Right from the earliest conception of the Tracking Change project, there has been one consistent message from the Elders – we must involve youth. Project partners emphasized the importance of engaging youth in all aspects of our research project including the definition of research priorities and key issues for study. Some of the youth/young adults involved in the project have been graduate students from various universities. But given that post-secondary enrollment in the north is low, finding ways to engage with other students, particularly Indigenous youth, at the junior and high school level has also been a key priority.
How have we engaged youth in our project so far?
To engage Indigenous high-school students in the project the Tracking Change team hosted bi-annual Youth Knowledge Fairs (YKF) at the University of Alberta. Through the Youth Knowledge Fair, students were able to learn more about research, science and gain exposure to a university environment. But we found that we can also learn from youth; they are our future leaders and their ideas matter! Outcomes from the student projects helped us to identify key areas for future research to support the goals of Tracking Change…
A really exciting outcome of the 2018 YKF was that several students were selected to travel to Poland to attend the 24th United Nations Conference of the Parties on Climate Change (COP24) in 2018. They even got to stop off in Paris, France to share their ideas with the Canadian Lead for UNESCO.
Learn more about the Youth Knowledge Fairs and the trip to COP24 by selecting the events from the sidebar.
If you are a young person, how can you get involved in community research?
Connect with your Elders
- First and foremost, talk to your family. Your kôhkom and mósom, and your aunties and uncles have stories to tell you. Be patient and listen. It’s the best way to learn.
- Most communities in Canada have an Elders group. Find out who the Elders coordinator is and reach out to them to see if you can meet with the Elders. Bring your friends!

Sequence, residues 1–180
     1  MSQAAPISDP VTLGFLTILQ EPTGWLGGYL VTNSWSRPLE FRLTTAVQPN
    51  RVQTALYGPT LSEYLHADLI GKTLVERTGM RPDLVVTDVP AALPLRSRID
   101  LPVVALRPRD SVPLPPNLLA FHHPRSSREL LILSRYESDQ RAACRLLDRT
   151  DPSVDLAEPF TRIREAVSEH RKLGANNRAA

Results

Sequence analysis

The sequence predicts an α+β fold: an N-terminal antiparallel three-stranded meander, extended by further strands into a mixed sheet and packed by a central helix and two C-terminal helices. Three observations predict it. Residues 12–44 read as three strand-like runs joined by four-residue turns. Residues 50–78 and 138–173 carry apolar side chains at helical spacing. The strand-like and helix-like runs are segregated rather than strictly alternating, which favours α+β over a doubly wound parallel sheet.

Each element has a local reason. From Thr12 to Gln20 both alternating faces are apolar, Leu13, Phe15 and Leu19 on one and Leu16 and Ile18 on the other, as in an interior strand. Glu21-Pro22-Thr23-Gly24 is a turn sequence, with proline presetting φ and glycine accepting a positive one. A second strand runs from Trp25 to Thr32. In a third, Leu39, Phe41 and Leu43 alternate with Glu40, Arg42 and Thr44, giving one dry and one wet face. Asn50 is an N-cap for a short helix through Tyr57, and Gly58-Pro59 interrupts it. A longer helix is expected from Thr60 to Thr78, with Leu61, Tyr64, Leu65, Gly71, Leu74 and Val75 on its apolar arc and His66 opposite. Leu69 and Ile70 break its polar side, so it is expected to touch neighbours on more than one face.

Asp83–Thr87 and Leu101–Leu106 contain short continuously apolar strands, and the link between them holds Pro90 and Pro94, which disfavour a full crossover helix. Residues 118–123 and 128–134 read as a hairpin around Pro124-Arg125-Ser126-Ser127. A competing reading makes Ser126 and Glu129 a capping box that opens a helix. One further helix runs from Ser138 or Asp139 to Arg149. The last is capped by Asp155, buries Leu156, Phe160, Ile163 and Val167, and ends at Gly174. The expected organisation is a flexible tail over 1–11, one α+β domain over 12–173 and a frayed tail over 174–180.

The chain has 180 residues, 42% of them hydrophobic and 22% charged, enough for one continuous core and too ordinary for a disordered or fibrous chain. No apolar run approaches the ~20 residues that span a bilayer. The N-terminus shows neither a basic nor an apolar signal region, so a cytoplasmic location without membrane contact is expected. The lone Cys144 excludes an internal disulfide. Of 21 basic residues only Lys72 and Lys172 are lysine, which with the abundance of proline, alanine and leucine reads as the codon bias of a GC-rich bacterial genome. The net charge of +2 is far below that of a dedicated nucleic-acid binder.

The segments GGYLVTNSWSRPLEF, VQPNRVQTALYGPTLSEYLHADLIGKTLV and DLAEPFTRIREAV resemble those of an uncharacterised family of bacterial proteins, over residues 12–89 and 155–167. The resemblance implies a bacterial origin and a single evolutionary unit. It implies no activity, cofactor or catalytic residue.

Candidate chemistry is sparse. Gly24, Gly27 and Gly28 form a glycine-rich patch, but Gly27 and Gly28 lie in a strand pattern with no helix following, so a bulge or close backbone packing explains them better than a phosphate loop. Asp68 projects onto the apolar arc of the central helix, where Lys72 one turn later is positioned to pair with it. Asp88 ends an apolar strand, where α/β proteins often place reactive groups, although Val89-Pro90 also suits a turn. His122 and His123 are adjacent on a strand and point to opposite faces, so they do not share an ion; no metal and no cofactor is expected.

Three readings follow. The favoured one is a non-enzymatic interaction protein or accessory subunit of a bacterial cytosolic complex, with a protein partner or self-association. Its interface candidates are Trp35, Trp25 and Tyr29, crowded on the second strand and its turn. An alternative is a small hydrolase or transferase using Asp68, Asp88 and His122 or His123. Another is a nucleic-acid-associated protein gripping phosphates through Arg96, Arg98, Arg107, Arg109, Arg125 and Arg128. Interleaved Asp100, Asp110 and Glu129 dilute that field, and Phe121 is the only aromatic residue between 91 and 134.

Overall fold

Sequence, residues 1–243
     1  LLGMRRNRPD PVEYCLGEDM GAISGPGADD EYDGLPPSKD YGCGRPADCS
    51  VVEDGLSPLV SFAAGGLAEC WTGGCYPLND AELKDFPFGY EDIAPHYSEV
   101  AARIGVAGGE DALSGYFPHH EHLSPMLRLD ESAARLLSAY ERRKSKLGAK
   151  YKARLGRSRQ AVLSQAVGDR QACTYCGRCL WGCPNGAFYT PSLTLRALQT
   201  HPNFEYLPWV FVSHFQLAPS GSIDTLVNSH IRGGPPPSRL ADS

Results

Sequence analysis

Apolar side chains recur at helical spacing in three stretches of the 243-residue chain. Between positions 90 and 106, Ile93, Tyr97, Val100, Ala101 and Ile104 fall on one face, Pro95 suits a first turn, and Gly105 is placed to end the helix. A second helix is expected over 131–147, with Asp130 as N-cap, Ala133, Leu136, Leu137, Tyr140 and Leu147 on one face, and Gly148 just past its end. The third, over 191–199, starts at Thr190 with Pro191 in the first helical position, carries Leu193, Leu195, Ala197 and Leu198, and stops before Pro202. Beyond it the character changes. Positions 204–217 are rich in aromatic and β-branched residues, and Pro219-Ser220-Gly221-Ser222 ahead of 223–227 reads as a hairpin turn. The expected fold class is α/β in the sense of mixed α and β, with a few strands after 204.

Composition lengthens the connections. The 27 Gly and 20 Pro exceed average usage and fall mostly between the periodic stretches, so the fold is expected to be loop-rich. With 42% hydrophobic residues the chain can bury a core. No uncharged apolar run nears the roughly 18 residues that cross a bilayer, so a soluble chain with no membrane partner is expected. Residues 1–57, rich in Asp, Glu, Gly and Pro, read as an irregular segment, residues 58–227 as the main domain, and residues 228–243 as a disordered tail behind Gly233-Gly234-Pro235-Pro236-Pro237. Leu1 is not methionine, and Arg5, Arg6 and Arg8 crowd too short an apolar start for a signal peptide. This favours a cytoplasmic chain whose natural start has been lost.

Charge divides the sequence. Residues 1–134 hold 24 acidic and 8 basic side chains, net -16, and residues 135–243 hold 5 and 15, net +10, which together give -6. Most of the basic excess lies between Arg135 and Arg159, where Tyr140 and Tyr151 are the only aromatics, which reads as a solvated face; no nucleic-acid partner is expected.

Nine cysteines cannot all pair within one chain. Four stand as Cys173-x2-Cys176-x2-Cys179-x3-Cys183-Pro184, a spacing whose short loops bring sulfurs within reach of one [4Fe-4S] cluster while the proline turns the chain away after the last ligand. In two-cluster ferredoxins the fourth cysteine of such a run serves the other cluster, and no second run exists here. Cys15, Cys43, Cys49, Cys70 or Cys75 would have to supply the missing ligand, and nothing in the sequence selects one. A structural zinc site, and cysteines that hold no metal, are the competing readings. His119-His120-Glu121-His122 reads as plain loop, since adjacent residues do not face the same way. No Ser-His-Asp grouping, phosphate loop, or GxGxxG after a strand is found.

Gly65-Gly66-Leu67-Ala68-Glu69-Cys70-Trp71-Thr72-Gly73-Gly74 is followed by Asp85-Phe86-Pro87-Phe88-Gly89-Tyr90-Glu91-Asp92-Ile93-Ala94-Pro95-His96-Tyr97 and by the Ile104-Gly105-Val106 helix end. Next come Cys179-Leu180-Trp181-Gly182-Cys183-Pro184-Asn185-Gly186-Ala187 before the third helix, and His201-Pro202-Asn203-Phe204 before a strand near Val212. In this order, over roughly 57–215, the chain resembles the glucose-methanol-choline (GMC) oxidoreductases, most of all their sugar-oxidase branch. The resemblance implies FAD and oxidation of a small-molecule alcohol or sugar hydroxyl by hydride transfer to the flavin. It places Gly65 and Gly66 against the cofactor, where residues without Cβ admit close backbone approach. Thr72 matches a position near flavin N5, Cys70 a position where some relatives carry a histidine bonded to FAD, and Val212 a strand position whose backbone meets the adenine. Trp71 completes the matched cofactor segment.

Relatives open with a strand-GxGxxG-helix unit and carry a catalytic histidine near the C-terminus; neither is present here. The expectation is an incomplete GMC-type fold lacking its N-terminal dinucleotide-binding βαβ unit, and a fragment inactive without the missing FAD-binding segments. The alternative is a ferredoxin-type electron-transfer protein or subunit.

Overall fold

Volunteer in the community
- The Elders Center isn’t the only place to visit – check with our Lands Department or Government/Industry Relations office to see if they need any help with projects. You might even get to go into the field with your community Guardians.
- There is sometimes even funding available for youth projects in the community. If you have an idea for a project that will benefit your community, check with your Band or Treaty Office and keep an eye on websites such as to get it funded. Sometimes a little bit of money can go a long way!
Ask your teachers to look at the Tracking Change Curriculum
- Visit the classroom section of our website for curriculum ideas for your teachers. These lesson plans include information about some of the Tracking Change community-led projects, instructions on how to conduct your own analysis, and has ideas for projects that you can do in your community
Share your stories
- Talk about what you are learning through social media! Youth across Canada and globally need to be inspired to learn about their culture and who could be more inspiring than you?
- Check out the storybook co-written by our own Kaydence Storr – it’s a great example of sharing your knowledge.
Resources for Youth
- There are lots of great online resources for Indigenous youth and, if you are interested in youth activism there are some really great organizations that are helping to mobilize young Indigenous voices. Who knows, maybe you could even lead one of these organizations one day.